Operation Idiopathic Decline

The Oklahoma Department of Wildlife Conservation is currently participating with the Rolling Plains Quail Research Ranch (RPQRR) in a three-year study dubbed “Operation Idiopathic Decline”. The primary goal of this project is to determine the role of infectious diseases on bobwhite quail. Disease research with respect to quail has been limited and little is known about the prevalence or importance of specific diseases on the population.

ODWC’s Involvement


ODWC is providing biological samples to researchers at both Texas Tech and Texas A&M. Samples are being analyzed for assorted diseases including quail fever, pox, and bronchitis, avian influenza virus, and West Nile virus. Other associated studies will look at quail parasites and bacterial and fungal pathogens.
 

Biologists collects blood samples to be tested for a variety of diseases.

Biologist examines birds for ectoparasites and lesions.

 

Ten Wildlife Management Areas (WMA’s) from across Oklahoma’s Rolling Plains region are sample sites: Beaver River, Black Kettle, Canton, Cooper, Ellis County, Hackberry Flat, Mountain Park, Packsaddle and Sandy Sanders. Biologists and technicians will trap quail twice at each location — once in August and again in October. Each sampled bird will be banded to ensure all future samples are unique. If you harvest a banded quail, please report the band number.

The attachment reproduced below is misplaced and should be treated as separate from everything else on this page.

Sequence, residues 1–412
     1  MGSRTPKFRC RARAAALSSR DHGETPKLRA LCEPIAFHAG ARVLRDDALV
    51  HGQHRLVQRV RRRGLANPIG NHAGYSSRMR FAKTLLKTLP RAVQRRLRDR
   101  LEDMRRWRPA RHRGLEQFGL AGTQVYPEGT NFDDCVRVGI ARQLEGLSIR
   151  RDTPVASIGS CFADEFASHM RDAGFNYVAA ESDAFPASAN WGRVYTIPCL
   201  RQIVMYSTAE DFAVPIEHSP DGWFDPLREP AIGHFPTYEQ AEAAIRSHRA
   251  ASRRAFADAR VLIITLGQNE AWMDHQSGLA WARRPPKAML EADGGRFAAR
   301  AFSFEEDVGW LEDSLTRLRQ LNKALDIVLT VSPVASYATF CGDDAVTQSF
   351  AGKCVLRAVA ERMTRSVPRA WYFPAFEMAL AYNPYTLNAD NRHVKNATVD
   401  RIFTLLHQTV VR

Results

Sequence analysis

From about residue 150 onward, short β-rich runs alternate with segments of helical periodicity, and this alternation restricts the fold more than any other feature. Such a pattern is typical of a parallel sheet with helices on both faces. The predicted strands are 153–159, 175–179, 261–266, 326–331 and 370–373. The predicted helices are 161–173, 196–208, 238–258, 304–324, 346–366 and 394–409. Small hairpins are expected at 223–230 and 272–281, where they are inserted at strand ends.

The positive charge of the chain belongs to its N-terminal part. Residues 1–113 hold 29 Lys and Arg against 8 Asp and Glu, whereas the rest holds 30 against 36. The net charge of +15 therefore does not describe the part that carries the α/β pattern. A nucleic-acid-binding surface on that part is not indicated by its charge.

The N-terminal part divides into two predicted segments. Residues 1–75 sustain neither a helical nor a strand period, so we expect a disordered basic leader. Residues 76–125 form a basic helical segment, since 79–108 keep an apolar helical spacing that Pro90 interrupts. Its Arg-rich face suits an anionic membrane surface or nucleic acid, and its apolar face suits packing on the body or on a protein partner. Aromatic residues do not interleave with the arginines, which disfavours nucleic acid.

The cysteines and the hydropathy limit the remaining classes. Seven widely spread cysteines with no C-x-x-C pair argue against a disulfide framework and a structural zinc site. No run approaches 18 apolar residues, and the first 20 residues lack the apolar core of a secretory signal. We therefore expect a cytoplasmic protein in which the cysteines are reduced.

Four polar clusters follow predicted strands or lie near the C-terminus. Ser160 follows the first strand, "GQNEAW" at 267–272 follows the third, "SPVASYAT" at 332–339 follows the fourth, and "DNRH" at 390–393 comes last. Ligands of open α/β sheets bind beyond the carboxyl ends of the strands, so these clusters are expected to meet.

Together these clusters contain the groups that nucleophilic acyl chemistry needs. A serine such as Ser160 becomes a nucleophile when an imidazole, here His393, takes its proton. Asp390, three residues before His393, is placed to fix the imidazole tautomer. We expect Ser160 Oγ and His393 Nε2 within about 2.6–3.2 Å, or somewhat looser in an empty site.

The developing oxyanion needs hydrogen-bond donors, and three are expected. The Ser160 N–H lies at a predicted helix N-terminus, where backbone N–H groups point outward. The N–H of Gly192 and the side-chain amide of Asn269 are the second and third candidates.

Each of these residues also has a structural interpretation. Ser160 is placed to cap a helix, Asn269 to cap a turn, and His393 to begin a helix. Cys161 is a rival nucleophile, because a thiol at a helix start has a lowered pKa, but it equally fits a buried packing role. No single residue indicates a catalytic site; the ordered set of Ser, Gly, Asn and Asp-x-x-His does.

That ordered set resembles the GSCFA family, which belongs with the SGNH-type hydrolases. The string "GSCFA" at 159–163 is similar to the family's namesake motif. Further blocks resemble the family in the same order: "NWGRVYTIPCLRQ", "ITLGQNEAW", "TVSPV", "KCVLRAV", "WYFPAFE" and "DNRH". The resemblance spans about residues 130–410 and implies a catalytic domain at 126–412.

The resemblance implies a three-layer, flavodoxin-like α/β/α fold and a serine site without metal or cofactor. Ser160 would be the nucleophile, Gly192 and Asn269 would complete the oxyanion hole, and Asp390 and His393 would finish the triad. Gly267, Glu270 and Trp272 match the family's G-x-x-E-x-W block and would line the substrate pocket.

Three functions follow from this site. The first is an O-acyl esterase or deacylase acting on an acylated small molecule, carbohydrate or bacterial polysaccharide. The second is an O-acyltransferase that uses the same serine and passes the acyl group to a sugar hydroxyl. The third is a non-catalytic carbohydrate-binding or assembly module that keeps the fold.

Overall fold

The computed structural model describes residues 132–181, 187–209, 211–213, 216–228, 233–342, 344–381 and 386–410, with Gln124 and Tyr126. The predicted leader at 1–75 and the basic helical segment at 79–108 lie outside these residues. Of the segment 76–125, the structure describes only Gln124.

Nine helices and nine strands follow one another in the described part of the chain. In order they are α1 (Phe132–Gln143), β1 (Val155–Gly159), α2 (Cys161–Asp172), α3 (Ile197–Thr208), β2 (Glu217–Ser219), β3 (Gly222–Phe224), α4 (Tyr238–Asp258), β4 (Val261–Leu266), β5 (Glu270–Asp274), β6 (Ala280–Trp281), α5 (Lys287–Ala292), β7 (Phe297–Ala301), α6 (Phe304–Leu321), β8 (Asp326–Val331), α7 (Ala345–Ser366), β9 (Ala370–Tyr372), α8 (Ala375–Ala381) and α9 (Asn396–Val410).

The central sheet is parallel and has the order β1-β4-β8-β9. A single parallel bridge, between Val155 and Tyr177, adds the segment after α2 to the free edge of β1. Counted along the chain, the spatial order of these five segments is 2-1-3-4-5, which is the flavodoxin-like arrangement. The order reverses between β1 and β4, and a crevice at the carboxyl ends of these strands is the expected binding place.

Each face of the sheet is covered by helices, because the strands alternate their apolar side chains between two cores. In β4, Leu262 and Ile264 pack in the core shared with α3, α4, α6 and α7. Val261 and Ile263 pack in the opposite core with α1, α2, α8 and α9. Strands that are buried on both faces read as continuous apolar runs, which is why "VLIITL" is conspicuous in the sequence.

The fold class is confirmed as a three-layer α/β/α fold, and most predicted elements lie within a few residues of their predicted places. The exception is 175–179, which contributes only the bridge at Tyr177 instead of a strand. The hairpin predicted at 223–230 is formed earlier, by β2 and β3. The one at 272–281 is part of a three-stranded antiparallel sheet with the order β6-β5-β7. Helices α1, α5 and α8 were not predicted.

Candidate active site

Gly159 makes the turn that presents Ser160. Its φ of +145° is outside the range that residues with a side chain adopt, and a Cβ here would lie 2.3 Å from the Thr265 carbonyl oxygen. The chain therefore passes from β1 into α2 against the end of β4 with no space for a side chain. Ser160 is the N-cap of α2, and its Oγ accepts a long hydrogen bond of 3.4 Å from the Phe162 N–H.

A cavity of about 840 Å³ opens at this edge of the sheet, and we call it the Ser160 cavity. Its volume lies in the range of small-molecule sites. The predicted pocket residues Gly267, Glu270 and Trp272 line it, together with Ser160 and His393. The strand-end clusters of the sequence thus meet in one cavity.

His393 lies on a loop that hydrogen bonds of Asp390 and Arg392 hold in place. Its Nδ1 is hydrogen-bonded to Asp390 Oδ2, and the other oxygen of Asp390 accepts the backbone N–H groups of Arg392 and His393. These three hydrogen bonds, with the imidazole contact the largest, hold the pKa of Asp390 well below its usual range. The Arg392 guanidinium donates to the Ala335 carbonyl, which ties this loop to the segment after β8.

Caption: Biologists are trapping quail on 10 WMAs as part of Operation Idiopathic Decline

 

ODWC staff is also collecting arthropod samples from each site. Once the samples have been tested for a range of pathogens, researchers will compare the number of birds with diseases to the prevalence of that pathogen in quail parasites (ticks and mosquitoes).

Dry ice emits CO2 - attracting potential disease vectors such as mosquitos and ticks.